Our mobile home easily accommodated all of the above and was in a lovely spot, right up the back of the site, looking into some diverting woodland.
So, what would you do every day if you were in St Cast? If you were as lucky as we were with the weather, you’d spend most of your time exploring scoresyour time exploring scores of beaches. St Cast is the headland west from St Malo, and it introduces an oblong inlet that has some lovely, covey, hidden plages.
Nowhere in Cornwall or West Wales can I think of a stretch of land with better beaches. There are long, wide beauties like Pen-Guen; dramatic, swept ones like Quatre Vaux, and hidden-away, best beach you’ve ever been to, once you find it you’ll never go anywhere else-type places like La Pissotte. Seriously, it’s lovely. Tucked away in the hills above Saint-Cast-le-Guildo, you have to park up by a campsite.
It’s a bit of a leap of faith, because you can’t tell if it’s very good and it looks miles down a steep path. But, do bother. The water was pristine, there were cliffs to play in and you could swim round to the next deserted bay. It was the highlight for all of us. The sand was very good for castles, reported Gwen. And for eating, reported Catrin. The water was cold enough to make them both scream in delight. We had baguette picnics and stubby beers. We took goggles and I could draw a map of the rocks under the bay, we swam it so much.
For non-beach days, your options are plenty. We went to Fort La Latte, a 13th century castle rebuilt in the 50s. It’s fascinating, and you can run up and down the ramparts with a sword from the gift shop shouting “Aaaaagghhhh”. Apparently.
You can do a spectacular coast walk from the west to the old and new lighthouses at Cap Frehel, one from the 1600s, one from 1950. It is a windswept and remote outpost. And you look slightly silly if you run about with a sword from La Latte.
About an hour’s drive away is Mont Saint-Michel. A favourite of school trips, this religious monument-commune on its tidal island is a Unesco world heritage site and it feels like a proper, world-class attraction.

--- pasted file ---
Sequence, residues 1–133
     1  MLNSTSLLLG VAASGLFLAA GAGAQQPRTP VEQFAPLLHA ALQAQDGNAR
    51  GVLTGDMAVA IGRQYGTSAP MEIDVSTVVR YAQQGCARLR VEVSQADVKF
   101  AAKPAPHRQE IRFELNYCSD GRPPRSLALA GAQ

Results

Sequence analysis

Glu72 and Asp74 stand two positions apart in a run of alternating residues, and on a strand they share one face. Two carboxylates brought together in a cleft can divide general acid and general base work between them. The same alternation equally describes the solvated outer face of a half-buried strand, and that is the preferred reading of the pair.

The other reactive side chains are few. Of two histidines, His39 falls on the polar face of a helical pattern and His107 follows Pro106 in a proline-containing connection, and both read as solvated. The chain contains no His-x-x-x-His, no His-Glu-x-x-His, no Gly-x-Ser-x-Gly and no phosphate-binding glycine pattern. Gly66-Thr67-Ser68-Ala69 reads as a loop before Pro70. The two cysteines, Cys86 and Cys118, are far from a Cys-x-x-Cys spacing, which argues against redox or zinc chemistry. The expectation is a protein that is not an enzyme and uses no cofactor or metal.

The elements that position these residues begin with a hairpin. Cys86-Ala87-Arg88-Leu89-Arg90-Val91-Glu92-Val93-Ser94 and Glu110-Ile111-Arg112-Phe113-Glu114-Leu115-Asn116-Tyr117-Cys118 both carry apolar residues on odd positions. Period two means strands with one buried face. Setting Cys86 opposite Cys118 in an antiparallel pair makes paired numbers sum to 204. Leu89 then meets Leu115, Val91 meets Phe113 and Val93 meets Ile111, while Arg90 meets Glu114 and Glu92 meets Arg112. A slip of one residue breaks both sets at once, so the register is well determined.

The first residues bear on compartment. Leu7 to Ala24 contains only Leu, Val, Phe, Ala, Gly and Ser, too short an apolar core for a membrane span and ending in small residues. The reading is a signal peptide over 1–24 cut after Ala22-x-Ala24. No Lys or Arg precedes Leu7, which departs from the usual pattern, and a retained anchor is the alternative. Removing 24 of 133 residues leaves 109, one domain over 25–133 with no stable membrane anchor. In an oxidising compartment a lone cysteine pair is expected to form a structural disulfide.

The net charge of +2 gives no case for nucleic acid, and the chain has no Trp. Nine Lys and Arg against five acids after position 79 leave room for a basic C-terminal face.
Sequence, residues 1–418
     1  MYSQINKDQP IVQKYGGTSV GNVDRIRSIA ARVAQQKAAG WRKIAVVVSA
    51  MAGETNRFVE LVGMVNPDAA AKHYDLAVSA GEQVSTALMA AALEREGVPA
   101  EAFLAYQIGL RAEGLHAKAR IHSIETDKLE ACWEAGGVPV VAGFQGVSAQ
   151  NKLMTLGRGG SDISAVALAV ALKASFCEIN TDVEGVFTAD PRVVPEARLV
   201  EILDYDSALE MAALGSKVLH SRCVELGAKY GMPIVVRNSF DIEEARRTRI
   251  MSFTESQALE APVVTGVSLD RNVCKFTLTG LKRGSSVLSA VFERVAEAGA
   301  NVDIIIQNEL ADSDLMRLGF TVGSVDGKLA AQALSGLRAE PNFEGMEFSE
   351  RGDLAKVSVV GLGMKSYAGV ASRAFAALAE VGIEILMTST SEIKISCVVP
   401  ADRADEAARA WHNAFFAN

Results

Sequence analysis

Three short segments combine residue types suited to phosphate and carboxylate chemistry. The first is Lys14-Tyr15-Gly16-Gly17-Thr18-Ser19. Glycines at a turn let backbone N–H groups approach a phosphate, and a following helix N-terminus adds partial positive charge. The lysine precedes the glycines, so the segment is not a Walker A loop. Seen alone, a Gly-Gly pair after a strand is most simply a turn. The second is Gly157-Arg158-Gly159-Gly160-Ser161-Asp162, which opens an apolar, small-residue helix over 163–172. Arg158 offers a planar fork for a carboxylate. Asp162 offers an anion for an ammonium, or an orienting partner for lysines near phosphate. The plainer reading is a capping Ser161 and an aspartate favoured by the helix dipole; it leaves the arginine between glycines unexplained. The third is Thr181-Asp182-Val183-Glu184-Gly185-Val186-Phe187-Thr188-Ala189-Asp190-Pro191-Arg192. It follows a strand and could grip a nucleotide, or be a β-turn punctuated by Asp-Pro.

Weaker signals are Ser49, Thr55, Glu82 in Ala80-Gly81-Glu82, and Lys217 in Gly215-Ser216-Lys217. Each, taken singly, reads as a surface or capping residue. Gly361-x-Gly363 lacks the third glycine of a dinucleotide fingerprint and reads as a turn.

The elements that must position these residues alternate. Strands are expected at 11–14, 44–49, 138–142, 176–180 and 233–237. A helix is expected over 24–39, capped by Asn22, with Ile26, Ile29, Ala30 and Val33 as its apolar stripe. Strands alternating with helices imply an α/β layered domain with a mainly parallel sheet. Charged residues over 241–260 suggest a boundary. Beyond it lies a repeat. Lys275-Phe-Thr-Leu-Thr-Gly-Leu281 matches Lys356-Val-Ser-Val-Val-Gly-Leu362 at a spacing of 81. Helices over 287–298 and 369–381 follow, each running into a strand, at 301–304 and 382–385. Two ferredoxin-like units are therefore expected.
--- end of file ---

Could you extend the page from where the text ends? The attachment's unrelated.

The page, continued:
The intricate, secretive architecture could be right out of Harry Potter, and if you are going, prepare to spend all day… and to walk a very long way indeed.
All of which is very well. But for this family, the simpler pleasures resounded far more than any official attraction. Swimming in the sea. Eating fresh croissants. Stopping at farms to buy champagne-style bottles of cider, which exploded like a Fort La Latte cannon into the roof of our mobile home.
Oh, and is it wrong to list a supermarket as being more enjoyable than a Unesco world heritage site? Very probably, but it’s true.
N2Fs, hear me out. I am still drinking the coffee I bulkbought at the Hyper U. And I’ve still got a few of the pens left. I’m certainly still scribbling away on the notebooks. (Bridges and stationery. A man must have hobbies.) Sadly, the cheese is but a fading memory.
We stopped overnight on the way back in La Vallee in Houlgate, on the coast in Normandy. It was a pleasant, packed seaside resort, with plenty to do on the townside beach.
And then we’re off back to the ferry, laden down with pens and cider and the sword from the gift shop, officially at last an estatedriving, France-travelling family.
Eurocamp has 7nts s/c from Jul 18 at the Chateau de Galinee parc in a 2bed Horizon mobile home (sleeps 7) with decking from £710 for the family (saves £383). Multi-parc trips and stopovers also available. www.eurocamp.co.uk, 0844 406 0552. Tourism: http://uk.franceguide. com/, www.brittanytourism.com, http://www.normandie-tourisme.fr.
Time zone: UK +1hr
Currency: Euro £1 = 1.15
Best time to go: N2Fs welcome this summer!